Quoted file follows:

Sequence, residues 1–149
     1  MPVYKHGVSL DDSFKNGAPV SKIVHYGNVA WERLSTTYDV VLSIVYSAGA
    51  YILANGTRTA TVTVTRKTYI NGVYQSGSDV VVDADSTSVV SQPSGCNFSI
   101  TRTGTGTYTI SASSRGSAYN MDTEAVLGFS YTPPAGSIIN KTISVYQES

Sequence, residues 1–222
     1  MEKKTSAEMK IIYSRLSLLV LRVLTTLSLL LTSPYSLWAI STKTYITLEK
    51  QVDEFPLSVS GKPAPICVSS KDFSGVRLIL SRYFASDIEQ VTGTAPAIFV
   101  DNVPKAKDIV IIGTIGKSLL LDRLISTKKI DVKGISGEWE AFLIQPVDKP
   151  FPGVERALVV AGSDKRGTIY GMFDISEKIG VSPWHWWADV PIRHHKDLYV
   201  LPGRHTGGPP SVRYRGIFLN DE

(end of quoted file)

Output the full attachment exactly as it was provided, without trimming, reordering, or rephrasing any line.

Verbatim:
Sequence, residues 1–149
     1  MPVYKHGVSL DDSFKNGAPV SKIVHYGNVA WERLSTTYDV VLSIVYSAGA
    51  YILANGTRTA TVTVTRKTYI NGVYQSGSDV VVDADSTSVV SQPSGCNFSI
   101  TRTGTGTYTI SASSRGSAYN MDTEAVLGFS YTPPAGSIIN KTISVYQES

Sequence, residues 1–222
     1  MEKKTSAEMK IIYSRLSLLV LRVLTTLSLL LTSPYSLWAI STKTYITLEK
    51  QVDEFPLSVS GKPAPICVSS KDFSGVRLIL SRYFASDIEQ VTGTAPAIFV
   101  DNVPKAKDIV IIGTIGKSLL LDRLISTKKI DVKGISGEWE AFLIQPVDKP
   151  FPGVERALVV AGSDKRGTIY GMFDISEKIG VSPWHWWADV PIRHHKDLYV
   201  LPGRHTGGPP SVRYRGIFLN DE